~ Taff

Comic Review: Radius

By Katrin Gal. Find it here!

Rarely I find something that snatches me up as quick as Radius did. I mean, honestly, how couldn’t it. Have you seen the art? That’s what got my attention anyway. Came for the gorgeous visual. Stayed for the world building, the layered characters, and the burning need to know how their story continues.

Tom Ravens, Tank, Surfer and Buster: The “Hellhounds” are an elite unit tasked with keeping Avon’s rebels in check. Their most recent mission does not go as planned…

Radius is a gritty cyberpunk/sci-fi story in an original setting focused on a (literally) split planet divided into two distinct halves and held together by a mysterious energy source. Each half is home to a distinct faction who do not see eye to eye. To spice it up some more, an artificial virus turns its survivors into dangerous cyborgs. Which is exactly the sort of spice this Taff wants and needs in her life if you know anything about her.

The art is delicious. The panels creatively put together. There’s an entire section in the second issue where one of the main protagonists, Tom Ravens, is having himself a shower and then a bit of a breakdown, and I swear to the dog currently licking my ankle that those pages are my absolute favourite of any comic I have read up to this point.

There’s so much emotion and motion conveyed in the art that I just got to praise it and recommend to anyone.

The characters got depth and are intriguing. The good guys and the bad guys. My fav used to be Tom but then I learned some stuff about Tank and I think I may be team Tank now because, EXCUSE ME SIR?! He made my printer overheat. c( ⁰ 〰 ⁰ )੭ Anyway.

I got little else to say that’d do this justice. You should experience it for yourself and you can totally do that (in English) over on Katrin’s Patreon. And if you’re in Germany or Austria, maybe even get yourself a physical copy? They look gorgeous on shelves.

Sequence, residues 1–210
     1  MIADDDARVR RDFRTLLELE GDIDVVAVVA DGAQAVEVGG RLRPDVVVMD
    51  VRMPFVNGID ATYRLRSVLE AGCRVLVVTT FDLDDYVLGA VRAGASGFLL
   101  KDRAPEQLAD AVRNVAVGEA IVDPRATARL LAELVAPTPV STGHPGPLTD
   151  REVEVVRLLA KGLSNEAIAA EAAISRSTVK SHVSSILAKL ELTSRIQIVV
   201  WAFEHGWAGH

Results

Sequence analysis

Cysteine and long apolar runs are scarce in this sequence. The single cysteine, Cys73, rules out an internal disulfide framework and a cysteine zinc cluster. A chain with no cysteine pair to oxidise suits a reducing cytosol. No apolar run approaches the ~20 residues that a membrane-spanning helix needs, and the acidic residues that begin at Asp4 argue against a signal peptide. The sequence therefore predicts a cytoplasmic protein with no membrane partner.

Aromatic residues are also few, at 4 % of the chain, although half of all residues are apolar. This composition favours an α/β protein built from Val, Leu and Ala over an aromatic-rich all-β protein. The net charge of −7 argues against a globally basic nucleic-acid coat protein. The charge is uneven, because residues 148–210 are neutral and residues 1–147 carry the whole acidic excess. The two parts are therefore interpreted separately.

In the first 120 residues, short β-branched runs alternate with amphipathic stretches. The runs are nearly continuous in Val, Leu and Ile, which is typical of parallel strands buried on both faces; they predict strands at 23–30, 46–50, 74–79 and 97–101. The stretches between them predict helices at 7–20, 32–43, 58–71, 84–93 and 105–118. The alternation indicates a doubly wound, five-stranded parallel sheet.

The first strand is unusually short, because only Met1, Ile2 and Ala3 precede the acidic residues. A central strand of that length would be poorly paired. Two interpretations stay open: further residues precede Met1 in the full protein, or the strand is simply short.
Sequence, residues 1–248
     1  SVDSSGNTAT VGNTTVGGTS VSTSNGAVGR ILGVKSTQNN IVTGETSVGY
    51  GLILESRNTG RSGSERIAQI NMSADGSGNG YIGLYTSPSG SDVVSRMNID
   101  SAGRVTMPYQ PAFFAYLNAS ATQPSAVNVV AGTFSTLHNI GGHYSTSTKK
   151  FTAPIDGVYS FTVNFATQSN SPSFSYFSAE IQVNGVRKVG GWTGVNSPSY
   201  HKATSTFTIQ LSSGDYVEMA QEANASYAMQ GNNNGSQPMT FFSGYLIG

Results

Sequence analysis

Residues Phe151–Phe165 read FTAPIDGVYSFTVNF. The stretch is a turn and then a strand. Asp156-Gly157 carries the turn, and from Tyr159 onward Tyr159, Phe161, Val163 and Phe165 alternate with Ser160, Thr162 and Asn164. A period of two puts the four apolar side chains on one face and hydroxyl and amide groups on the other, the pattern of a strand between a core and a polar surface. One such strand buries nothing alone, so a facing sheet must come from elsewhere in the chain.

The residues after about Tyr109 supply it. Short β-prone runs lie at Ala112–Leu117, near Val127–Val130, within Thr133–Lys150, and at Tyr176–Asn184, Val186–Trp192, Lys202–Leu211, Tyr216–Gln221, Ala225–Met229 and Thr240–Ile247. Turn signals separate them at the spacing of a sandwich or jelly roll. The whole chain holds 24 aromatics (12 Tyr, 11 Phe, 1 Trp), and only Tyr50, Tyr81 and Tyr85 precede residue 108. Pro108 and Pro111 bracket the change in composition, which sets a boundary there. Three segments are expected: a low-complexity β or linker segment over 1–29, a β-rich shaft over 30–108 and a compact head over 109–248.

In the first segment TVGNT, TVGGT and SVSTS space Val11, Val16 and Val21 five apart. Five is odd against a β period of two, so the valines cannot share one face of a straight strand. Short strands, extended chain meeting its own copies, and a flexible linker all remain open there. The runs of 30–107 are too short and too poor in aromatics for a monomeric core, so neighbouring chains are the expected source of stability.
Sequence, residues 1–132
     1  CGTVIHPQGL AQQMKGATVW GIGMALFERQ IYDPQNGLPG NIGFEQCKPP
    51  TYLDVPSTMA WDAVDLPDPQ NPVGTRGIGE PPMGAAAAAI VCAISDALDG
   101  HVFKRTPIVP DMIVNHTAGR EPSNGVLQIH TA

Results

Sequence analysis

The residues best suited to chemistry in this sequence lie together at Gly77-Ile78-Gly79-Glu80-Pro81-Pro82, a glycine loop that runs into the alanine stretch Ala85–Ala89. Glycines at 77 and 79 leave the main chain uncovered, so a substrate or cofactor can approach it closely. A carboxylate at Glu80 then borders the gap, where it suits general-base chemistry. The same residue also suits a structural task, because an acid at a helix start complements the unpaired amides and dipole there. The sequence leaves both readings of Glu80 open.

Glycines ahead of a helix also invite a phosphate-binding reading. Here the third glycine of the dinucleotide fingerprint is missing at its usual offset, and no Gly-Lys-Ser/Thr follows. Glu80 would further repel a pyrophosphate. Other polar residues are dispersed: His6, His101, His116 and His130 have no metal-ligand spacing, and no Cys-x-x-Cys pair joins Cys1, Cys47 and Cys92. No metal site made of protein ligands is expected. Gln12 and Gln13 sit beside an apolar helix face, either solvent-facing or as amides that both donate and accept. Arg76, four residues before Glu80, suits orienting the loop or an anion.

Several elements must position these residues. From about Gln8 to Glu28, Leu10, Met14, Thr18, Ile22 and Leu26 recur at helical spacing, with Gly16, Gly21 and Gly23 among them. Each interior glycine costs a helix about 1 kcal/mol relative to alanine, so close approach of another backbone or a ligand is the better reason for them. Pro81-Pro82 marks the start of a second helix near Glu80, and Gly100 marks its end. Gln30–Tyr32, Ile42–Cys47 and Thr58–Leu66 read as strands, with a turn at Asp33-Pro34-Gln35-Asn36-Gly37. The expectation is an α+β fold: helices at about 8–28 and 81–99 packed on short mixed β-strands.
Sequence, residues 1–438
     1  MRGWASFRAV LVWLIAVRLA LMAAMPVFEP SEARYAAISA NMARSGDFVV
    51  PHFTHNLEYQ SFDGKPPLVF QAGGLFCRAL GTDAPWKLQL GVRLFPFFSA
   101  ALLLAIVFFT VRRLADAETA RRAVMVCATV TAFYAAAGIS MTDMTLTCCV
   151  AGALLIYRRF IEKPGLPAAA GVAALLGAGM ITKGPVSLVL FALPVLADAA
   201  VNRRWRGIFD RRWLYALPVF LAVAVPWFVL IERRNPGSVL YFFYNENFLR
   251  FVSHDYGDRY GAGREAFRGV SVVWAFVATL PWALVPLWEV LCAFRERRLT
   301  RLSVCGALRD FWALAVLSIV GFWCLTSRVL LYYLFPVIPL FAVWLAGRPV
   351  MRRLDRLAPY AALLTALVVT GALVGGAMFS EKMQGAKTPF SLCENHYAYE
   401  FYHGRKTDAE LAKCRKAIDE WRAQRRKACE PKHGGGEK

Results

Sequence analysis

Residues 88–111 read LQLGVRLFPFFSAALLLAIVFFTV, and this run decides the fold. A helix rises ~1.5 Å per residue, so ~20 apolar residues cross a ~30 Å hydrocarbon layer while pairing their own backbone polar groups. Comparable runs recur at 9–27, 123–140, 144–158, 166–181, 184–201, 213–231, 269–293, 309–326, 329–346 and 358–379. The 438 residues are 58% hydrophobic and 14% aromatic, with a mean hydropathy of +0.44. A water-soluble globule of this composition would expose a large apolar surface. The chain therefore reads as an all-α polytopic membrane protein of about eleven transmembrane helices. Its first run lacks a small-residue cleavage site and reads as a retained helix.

Radius comics on my shelf. They look gorgeous.
Pardon the dust.

What to expect: Cyberpunk aesthetics. Action. Two factions at odds (one sleek and clean, one gritty and rough). Beautiful visuals. Great panel composition. Gorgeous characters. Also handsome characters. And beautiful characters. They are really good to look at, okay?!

What Taff didn’t like: Uhm. Needs more Tank on a horse. Obviously. Duh.

Creating an Original Character

The Building Blocks

I’ve put together a cheat sheet based on how I begin building my characters. There’s tons of those out there already of course and a lot that go into details 500+ questions deep. But we’re not looking for a laundry list of How many siblings do they have to How do they cross the street here. Rather, we’re trying to build a foundation from which the rest of the character can grow comfortably.

It covers things like their physical description, their voice, and (most importantly) their motivation. All things you need to get you started.

Creating an original character

Who are they?

Begin by jotting down three words that represent them. Don’t overthink it. Boil them down to the essentials.

Physical:

Description. Notable Features. How do others see them?

This may be a misleading section. While description and notable features are largely straight forward, How do others see them? is one of my favourite questions to ask. Do they easily intimidate others? Are they often underestimated? If so, why? What characterizes them to others and how does the world at large treat them?

Voice:

Vocabulary. Speech Pattern. Thought Process. Ticks.

This is where the character’s voice comes from as you write them. Think about what words they use a lot. Or if they favour simple words or big words. Dig for ticks that may bleed into the narration. Do they think a lot? What do those thoughts look like? Do the ramble or keep things precise? Do they drive past a pasture and go Horse! no matter what? Those sorts of things.

Motivation:

Goals. Why? Overcome

What are their goals as the story begins and as it continues or concludes? Why are they doing what they are doing? And what do they need to overcome? 

This, in particular, is the part that will change over time and show character development. Though, really, all of the above can (and might) change. Being consistent as you build them is important so that when the change happens it matters.